[I received a copy of this book from its Canadian publisher House of Anansi. This does not affect my opinion of the novel.]
When Cindy from House of Anansi (hi!) emailed me about this book, I was extremely excited. The premise of the books is so fascinating and one that I haven’t heard of before: Peggy, whose survivalist father takes her into the woods and tells her that the world has disappeared, has returned home 9 years later. What happened to her and her father in the woods? Why has she suddenly come back?
The book came with a survival pack with maps and lists poking out – so cool!
I have to say, I wasn’t disappointed with the book. In fact, it exceeded all of my expectations and threw me into an adventure that I wasn’t sure I was ready for (which is the best type of adventure, isn’t it?). I was initially worried that reading about Peggy (or Punzel, as her father calls her) and her father’s 9-year experience in the woods would become monotonous and boring, but Fuller manages to add extremely compelling scenes – such as the piano with no sound – into the mix. I loved reading the inventive ways Peggy and her father came up with to pass the time while they were living in the cabin all by themselves, and subsequently panicked with them as they realized they were under-prepared for the coming winter. I was really impressed with the pacing of the book, and how Fuller expertly follows quiet scenes with action-packed ones. Our Endless Numbered Days is smartly structured too, starting with Peggy’s readjustment to “real life” and slowly revealing to readers what happened to her and her father in the past nine years.
When reading the book, I often wondered what was happening to the secondary characters. The novel is told from Peggy’s point of view, but I couldn’t help imagining what her father was thinking the whole time. Why did they go on this “holiday”? What was his true motivation behind it? Did he really buy his story about the world disappearing? As the book went on, I had less and less sympathy for him as he struggled with Peggy, but I felt terrible for Ute, Peggy’s mother. Can you imagine how traumatic that would be for her? Luckily, Fuller does fill us in eventually on what happens to the rest of the family, so I was completely satisfied. The only issue I had – and this might just be my own problem – was that I felt like the word “whilst” was used just often enough to be a little distracting. It’s such a unique word that I kept noticing it and felt that it slightly disrupted the flow, but honestly, that’s a small nitpicky thing in a wonderful reading experience about love, family, and most of all, survival.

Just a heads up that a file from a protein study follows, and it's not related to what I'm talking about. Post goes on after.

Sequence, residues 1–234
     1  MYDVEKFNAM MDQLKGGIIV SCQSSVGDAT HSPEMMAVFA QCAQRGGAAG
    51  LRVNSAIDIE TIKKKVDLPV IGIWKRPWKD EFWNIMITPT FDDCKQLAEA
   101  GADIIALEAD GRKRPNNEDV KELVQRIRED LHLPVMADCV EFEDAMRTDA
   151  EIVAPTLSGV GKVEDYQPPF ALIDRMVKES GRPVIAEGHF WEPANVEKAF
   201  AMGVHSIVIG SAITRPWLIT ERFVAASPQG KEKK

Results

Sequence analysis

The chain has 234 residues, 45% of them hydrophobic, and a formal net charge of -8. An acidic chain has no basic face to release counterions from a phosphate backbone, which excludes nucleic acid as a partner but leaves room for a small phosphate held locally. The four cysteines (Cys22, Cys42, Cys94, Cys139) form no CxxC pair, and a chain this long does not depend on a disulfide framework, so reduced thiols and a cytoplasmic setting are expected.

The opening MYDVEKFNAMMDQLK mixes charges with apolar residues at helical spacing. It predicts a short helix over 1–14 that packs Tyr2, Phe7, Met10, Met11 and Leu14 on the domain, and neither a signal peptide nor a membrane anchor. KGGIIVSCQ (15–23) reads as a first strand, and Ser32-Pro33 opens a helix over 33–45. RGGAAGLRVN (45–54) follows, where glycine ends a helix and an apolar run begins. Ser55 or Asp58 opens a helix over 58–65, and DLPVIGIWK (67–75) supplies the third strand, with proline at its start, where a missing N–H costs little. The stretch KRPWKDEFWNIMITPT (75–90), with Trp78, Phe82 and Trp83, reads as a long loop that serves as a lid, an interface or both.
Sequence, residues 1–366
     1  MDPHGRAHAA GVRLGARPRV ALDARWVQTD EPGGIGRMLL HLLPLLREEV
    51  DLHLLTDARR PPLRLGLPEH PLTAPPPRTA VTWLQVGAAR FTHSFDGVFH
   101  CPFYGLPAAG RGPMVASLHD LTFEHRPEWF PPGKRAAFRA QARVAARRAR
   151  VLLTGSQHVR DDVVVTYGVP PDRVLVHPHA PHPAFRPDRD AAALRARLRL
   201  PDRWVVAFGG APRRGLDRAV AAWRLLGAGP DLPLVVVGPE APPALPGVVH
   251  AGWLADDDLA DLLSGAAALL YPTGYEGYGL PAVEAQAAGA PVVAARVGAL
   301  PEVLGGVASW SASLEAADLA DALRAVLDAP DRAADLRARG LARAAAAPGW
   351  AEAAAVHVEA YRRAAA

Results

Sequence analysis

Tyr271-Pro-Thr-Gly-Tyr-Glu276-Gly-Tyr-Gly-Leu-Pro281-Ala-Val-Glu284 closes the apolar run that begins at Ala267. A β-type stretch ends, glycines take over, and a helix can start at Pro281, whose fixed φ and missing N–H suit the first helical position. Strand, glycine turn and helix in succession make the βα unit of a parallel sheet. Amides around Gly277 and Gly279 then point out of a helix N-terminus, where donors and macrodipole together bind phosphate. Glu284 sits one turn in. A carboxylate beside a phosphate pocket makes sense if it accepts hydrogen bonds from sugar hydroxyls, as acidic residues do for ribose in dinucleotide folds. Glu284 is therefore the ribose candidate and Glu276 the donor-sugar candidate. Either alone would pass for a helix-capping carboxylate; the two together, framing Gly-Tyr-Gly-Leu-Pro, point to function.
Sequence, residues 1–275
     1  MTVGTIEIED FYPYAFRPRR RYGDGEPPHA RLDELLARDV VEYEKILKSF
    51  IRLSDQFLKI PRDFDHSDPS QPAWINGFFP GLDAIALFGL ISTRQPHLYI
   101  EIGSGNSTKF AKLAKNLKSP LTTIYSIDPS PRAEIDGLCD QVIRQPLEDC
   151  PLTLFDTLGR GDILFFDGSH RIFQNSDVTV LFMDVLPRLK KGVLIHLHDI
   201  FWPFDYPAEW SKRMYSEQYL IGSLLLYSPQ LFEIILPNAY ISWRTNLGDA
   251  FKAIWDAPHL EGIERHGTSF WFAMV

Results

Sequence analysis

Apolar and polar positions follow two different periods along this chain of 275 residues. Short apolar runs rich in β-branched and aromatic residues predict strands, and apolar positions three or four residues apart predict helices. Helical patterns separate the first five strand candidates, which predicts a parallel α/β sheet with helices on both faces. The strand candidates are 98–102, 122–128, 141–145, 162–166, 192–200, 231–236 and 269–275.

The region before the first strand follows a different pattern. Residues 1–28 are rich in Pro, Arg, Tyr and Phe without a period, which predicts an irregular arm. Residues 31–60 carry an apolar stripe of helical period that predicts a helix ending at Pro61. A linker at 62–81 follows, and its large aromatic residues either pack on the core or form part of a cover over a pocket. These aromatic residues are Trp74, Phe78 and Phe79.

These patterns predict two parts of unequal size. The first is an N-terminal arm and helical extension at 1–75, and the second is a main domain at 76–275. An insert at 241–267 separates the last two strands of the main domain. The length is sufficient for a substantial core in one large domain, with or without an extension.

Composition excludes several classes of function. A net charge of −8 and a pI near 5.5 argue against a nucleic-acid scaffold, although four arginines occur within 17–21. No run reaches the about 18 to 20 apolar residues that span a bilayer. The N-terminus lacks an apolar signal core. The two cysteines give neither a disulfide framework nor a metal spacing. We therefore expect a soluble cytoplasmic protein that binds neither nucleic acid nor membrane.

Verdict: I couldn’t put this book down. It’s so good. I was completely invested in the plot, and needed to know why and how Peggy came back from the woods after all those years. I wasn’t expecting to love so many parts of the book – or be so stunned in others – but I guess little surprises like these are what makes great literature great.
Read if: The concept of a mysterious disappearance and reappearance intrigues you, you’d like to read a fascinating piece of literature, and/or you’d like to go on a wild adventure that will sweep you off your feet.